Monday, July 27, 2020

Painting from Inside My Car!

"Pacific Grove's Point Pinos Lighthouse"    4" x 6"  gouache

It can get pretty cold and foggy along the California coast at Pacific Grove.  When I had a chance to go there I naturally wanted to go painting.  This day was so cold and windy, setting up my easel was not a good idea.   So I tried an experiment ... paint from inside my car!  

Now painting with oils inside a car is not a good idea, but I came prepared!  I bought my gouache paint!  Gouache is opaque watercolor, so I figured if I got some on my car seats I could wash it off.  I was lucky none spilled.  Check out my setup!  I have one of those trays that you can put over your lap.  I have not seen those in the stores in a long time, but when I bought it I thought.... "Hey I can use that one day!"  So the day finally came.  It is great as it holds my water, brushes, paper towels, ceramic palette and a wet palette too.  I was able to straddle it over my console in my new Subaru Outback.  It fit perfectly!

my painting and value sketch on my steering wheel easel 

<  I made a gizmo to fit over my steering wheel and clipped my 4" x 6" piece of archival mat board to it.  It all worked out great!

Point Pinos Lighthouse from my car

My scene was of the old lighthouse in Pacific Grove called Point Pinos Lighthouse.  It is currently closed due to the virus, but a few years ago I toured through it.  It is a wonderful piece of history.  The light still works and it shown bright yellow in the tower.  You might be able to see it from my photo.  

The scene was pretty far away and there is an old wooden fence which I felt blocked the eye leading to the lighthouse.  So I eliminated the fence and added a path.  There are lots of native grasses and some off-white flowers blooming which I enjoyed putting into my scene.  Three hours later, I declared my painting finished!

This little painting is up for auction on Daily Paintworks.
Check it out on my gallery page at

Sunday, July 26, 2020

Sloshing Around in an Almond Orchard

 What a fun day sloshing through the almond orchard!  When my friend's family irrigates their almond orchards I come running over with my paint box!  Sam had the sprinklers going and there were large puddles of water under the rows of the almond trees.  Luckily, I was able to set up my paint box on the driveway and saved my shoes from getting soaking wet.  I couldn't wait to get out my paints!  The reflections are wonderful... almost magical under those trees!  I can see so many colors in the water, soil and grasses on the ground alone!  The trees bend here and there in different directions and the soft green leaves on the branches hang down loaded with the almonds.  It is late July and soon the almonds will be harvested in the Central Valley of California where I live.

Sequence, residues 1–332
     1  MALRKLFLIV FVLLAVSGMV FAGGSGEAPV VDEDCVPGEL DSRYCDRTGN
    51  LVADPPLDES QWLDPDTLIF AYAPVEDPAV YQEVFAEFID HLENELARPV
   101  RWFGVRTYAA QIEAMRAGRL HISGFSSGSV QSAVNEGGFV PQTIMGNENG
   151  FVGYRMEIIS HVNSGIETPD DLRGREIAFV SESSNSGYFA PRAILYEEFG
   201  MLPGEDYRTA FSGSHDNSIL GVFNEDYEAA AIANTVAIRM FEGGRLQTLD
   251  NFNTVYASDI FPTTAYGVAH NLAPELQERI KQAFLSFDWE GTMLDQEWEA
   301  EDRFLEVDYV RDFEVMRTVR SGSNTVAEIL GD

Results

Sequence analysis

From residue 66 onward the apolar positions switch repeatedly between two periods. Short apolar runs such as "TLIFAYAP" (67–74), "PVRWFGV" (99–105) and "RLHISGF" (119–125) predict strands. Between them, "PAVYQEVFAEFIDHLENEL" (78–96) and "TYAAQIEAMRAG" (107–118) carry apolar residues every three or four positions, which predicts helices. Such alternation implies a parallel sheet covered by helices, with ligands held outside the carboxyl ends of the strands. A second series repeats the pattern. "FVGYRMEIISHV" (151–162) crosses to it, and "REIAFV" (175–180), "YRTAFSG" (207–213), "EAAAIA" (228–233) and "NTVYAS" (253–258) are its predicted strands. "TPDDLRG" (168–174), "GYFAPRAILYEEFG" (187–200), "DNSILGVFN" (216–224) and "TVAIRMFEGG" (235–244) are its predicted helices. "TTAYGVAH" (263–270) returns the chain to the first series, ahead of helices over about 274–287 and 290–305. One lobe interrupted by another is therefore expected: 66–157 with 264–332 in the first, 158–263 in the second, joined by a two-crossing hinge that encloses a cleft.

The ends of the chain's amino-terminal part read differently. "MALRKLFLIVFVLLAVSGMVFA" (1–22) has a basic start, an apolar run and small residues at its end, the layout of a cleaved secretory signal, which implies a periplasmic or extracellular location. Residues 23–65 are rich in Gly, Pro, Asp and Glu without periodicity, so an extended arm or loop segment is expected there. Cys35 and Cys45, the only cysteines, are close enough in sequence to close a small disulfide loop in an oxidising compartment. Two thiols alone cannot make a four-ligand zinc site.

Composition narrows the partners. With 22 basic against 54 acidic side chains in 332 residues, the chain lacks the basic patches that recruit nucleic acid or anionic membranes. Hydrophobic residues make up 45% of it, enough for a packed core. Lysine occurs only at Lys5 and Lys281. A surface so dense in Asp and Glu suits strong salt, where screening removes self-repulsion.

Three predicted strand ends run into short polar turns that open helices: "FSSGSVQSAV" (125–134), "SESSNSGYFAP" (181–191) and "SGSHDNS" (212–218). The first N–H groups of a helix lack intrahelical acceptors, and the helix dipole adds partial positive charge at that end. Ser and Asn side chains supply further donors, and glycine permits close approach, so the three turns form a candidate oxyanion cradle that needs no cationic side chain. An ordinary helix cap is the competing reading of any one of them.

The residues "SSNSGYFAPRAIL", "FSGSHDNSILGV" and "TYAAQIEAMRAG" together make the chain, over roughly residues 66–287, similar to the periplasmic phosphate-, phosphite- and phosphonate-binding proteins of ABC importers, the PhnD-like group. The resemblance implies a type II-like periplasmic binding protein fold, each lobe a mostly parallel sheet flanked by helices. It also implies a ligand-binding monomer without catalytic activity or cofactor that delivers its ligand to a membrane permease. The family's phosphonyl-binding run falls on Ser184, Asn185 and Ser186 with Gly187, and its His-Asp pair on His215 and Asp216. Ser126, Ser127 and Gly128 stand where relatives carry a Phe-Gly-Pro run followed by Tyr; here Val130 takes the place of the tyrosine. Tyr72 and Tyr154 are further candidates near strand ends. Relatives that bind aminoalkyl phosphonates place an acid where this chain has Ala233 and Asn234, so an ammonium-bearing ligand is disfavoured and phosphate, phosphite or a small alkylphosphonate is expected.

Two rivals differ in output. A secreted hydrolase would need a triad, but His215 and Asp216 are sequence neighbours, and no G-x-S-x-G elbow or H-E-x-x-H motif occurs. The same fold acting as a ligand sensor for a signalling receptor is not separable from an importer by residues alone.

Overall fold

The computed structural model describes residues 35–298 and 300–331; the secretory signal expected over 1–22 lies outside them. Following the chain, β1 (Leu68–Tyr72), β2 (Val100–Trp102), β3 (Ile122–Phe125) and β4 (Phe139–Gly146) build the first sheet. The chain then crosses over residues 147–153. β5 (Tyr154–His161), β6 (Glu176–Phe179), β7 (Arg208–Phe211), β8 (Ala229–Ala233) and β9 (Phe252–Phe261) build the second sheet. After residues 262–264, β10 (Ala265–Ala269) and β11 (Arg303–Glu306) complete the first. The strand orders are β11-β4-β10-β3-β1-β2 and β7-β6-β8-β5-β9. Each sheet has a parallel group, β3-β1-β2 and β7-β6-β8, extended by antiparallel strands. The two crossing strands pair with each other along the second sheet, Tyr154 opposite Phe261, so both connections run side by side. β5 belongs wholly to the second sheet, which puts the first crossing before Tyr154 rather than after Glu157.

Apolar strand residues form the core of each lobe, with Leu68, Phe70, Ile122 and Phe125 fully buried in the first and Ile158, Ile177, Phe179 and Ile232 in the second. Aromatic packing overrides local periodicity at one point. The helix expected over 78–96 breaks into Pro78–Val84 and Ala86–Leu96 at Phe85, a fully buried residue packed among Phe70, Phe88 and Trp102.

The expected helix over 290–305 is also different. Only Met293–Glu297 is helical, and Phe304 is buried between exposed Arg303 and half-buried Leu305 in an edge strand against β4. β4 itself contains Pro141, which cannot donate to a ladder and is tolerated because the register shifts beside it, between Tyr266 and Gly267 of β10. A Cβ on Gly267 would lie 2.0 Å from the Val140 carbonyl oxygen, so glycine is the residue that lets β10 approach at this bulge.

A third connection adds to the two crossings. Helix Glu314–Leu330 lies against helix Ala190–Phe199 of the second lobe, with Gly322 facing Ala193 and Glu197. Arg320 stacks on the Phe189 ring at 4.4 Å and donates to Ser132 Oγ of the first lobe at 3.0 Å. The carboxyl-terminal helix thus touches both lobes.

Here you can see my paint box.  I started out in the shade, but soon the light dappled through the tree behind me and I had to put up my umbrella.  It is important to see the painting in even light as I am painting it. 

When I got home, worked on the painting a little more, refining some places, adding more color, etc. using my photo references and my memory.

Scroll down to see the finished painting in a frame.

Here are some of the photos I took that day to help me finish my painting. 

Look at those reflections!
"Time To Irrigate" - oil on linen panel - 9" x 12"

Here is what the painting might look like in a frame.

Available for purchase on my gallery page at


Tuesday, July 21, 2020

Exploring Gouache

Half Dome - almost finished - gouache - 3” x 4” - on gelli print
I have been having fun exploring with gouache.  Gouache is basically opaque water color.  Sometimes I add white gouache to water color to make it opaque.  Why do I like it?  It dries with a flat finish, can be painted on archival mat board or illustration board without putting a gesso coat first and is water soluble.  My brushes can be washed with water (I use distilled water).  One thing that is somewhat frustrating is that the colors do not dry the same as when they are put down on the paper.  Light colors dry darker and dark colors dry lighter.  It is more difficult to get darks, but I am learning. See the finished painting below.

Gelli plate printing is lots of fun so I was wondering if the two could be combined.  In this video you can see that I took a print and glued it to mat board.  Then using a photo I took in Yosemite, I began to paint on top of the gelli print.  I wanted the print background to show through here and there which you can see in the next video.

So this is a time-lapse video (my very first one) of my process.  I made a goal to complete this small painting in just 30 minutes, so it is a quick study.  That made it necessary to keep the brushwork loose and simple.

Finished painting

  Below is the photo reference I used.